Sitting at his desk in a corner of the Youth Service Center at Greenup County High School, coordinator Pete Phillips sighs and shakes his head. [Ashland Independent]

The Trump administration released a report on the state of America’s nuclear weaponry on Friday. The assessment, known as a Nuclear Posture Review, mainly concerns U.S. nukes and missiles. But buried in the plan is a mention of a mysterious Russian weapon called “Status-6.” On paper, at least, Status-6 appears to be a kind of doomsday device. The report refers to it as “a new intercontinental, nuclear-armed, nuclear-powered, undersea autonomous torpedo.” [NPR]

Pretty sure Rowan County Sheriff Matt Sparks is an idiot. What kind of intellectual lightweight can’t fire up their googler to answer the most basic questions? It’s this kind of stupidity that gives Appalachia a bad name. Particularly when it comes to medical marijuana. [The Morehead News]

For months, chemical companies have waged a campaign to reverse findings by federal fisheries scientists that could curb the use of pesticides based on the threat they pose to endangered species. They scored a major victory [last] week, when Environmental Protection Agency Administrator Scott Pruitt announced he would press another federal agency to revisit a recent opinion triggering such restrictions. [WaPo]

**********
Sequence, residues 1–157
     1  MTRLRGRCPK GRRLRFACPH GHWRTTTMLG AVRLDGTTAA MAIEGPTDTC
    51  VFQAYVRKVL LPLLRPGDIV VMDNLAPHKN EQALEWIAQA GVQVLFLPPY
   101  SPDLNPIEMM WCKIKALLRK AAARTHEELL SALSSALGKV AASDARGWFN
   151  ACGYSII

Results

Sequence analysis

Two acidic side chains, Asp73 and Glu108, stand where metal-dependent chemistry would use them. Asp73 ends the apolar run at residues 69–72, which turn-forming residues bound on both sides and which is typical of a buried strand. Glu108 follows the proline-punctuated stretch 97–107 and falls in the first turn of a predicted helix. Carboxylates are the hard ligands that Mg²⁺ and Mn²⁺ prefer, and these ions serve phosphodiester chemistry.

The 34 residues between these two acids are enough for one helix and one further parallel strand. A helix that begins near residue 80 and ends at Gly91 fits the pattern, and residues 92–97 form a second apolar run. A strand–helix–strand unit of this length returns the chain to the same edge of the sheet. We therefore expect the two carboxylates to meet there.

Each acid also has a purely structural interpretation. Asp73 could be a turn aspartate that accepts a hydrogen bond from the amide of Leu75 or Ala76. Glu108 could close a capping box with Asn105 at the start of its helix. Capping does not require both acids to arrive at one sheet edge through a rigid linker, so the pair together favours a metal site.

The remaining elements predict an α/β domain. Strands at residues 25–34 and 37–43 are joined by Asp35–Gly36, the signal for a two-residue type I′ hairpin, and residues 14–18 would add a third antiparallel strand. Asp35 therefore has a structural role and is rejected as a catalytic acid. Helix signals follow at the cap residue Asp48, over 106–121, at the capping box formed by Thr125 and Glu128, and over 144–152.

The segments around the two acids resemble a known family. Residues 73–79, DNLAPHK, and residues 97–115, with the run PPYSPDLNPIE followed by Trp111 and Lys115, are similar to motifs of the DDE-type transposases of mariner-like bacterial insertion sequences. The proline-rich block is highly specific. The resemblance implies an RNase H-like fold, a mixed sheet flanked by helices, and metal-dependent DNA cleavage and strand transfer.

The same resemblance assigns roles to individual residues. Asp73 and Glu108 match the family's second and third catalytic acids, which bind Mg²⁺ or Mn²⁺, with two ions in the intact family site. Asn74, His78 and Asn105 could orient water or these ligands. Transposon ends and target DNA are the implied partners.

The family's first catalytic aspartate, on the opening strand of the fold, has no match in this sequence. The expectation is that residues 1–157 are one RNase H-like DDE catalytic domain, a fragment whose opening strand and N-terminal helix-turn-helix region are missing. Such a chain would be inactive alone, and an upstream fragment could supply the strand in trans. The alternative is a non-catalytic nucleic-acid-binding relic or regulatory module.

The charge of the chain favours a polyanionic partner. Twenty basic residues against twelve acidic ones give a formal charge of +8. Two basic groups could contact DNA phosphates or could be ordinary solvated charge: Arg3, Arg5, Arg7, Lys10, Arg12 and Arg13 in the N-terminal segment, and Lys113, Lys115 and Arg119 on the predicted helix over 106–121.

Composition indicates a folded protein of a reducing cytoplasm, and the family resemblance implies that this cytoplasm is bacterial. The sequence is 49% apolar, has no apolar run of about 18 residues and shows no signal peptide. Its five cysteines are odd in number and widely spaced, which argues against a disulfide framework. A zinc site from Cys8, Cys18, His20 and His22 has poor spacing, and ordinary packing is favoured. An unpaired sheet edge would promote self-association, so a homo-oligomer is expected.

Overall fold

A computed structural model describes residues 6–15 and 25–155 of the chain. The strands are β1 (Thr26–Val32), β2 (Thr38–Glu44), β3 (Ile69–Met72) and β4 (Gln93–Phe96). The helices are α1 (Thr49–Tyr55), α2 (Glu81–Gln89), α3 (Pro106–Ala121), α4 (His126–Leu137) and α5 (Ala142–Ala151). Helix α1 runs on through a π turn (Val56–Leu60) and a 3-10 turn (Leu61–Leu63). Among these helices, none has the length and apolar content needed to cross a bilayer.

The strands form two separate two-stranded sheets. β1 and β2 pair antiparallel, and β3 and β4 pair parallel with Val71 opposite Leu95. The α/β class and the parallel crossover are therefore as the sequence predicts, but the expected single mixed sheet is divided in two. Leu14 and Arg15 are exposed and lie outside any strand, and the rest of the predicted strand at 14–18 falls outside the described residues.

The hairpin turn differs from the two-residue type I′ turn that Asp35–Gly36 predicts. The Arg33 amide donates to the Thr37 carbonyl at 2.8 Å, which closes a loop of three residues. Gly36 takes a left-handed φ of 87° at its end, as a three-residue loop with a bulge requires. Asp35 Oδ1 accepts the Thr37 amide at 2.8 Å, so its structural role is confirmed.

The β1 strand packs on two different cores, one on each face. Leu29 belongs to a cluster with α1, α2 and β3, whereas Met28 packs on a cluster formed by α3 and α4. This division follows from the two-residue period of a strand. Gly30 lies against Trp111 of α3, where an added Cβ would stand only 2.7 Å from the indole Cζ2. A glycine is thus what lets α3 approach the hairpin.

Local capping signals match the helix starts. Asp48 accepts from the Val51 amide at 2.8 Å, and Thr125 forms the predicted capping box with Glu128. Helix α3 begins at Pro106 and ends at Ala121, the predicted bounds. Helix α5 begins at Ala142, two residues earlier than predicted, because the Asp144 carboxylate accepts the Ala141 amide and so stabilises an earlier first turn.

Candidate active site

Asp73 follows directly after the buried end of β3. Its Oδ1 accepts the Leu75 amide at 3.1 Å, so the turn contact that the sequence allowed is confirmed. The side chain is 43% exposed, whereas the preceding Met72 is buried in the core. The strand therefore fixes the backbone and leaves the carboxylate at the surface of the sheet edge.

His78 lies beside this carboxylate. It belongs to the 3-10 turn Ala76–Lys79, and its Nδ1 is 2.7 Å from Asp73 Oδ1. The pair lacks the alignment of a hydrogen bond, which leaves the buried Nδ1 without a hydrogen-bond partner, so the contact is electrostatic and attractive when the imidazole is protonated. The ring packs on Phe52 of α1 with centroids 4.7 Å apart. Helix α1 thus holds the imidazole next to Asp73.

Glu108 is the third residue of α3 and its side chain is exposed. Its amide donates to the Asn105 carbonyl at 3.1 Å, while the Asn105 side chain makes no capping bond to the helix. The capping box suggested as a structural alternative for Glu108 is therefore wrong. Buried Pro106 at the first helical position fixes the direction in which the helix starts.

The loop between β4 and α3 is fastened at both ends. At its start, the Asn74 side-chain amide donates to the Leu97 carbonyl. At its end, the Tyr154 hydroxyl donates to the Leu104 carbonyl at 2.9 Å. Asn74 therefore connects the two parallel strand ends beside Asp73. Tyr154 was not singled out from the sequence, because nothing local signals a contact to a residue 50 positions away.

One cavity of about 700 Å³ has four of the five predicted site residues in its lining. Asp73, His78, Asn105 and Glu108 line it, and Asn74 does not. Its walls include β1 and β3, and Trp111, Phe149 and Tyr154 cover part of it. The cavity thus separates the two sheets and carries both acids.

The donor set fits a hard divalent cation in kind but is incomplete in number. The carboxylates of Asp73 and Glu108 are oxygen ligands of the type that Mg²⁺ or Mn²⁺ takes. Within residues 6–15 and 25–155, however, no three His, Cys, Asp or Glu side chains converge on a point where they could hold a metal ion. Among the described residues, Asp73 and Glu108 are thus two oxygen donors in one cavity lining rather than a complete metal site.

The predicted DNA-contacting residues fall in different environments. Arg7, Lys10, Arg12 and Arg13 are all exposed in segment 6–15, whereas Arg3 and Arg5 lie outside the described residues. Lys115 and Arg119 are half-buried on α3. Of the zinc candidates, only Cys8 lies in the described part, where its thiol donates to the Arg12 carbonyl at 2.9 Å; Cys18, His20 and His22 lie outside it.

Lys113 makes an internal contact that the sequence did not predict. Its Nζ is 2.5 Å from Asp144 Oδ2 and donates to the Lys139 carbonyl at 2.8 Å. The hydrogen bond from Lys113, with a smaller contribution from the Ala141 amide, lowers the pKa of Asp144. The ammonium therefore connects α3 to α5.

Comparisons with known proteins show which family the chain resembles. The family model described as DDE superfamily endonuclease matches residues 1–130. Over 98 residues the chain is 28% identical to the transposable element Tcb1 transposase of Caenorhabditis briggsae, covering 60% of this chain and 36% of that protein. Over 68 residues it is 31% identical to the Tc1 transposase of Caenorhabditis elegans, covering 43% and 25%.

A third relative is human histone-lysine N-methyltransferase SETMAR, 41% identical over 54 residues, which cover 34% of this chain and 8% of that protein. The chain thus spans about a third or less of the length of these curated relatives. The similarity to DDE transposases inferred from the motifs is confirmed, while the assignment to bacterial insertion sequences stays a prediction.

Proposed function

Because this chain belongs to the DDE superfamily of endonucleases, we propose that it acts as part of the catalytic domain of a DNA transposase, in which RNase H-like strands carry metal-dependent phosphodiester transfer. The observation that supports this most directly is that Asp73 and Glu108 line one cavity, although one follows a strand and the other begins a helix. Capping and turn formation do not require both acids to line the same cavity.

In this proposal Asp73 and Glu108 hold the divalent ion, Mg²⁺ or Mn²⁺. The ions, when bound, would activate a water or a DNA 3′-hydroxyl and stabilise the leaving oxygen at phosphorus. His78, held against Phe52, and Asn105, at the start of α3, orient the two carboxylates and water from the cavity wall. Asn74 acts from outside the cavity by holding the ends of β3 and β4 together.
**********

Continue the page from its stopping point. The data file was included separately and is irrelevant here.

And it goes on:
If elected officials from 39 counties in southern and western Kentucky are successful in gaining enough support to pass an amendment to an existing bill this session in Frankfort, up to $6 million in additional revenue could be added to the economic development needs of those counties. [Glasgow Daily Times]

Well, that’s gonna sting a bit. The connection between the offshore accounts and the donation to the Chao family foundation were found through a search of the Paradise Papers. [The Intercept]

A legislative proposal could mean big changes to Kentucky’s largest college scholarship program, expanding it beyond college to a host of other academic programs. [H-L]

My colleagues and I marched in the Kingdom Day Parade last month, and toward the end of the route, a group of 10-15 men and women began heckling us. “All Black people don’t have AIDS,” they said, referring to the Black AIDS Institute banner we were marching behind. “You need to take that sign down. It offends us.” We tried to explain we were raising awareness to help prevent the spread of HIV within the black community, but our efforts were not exactly effective. [HuffPo]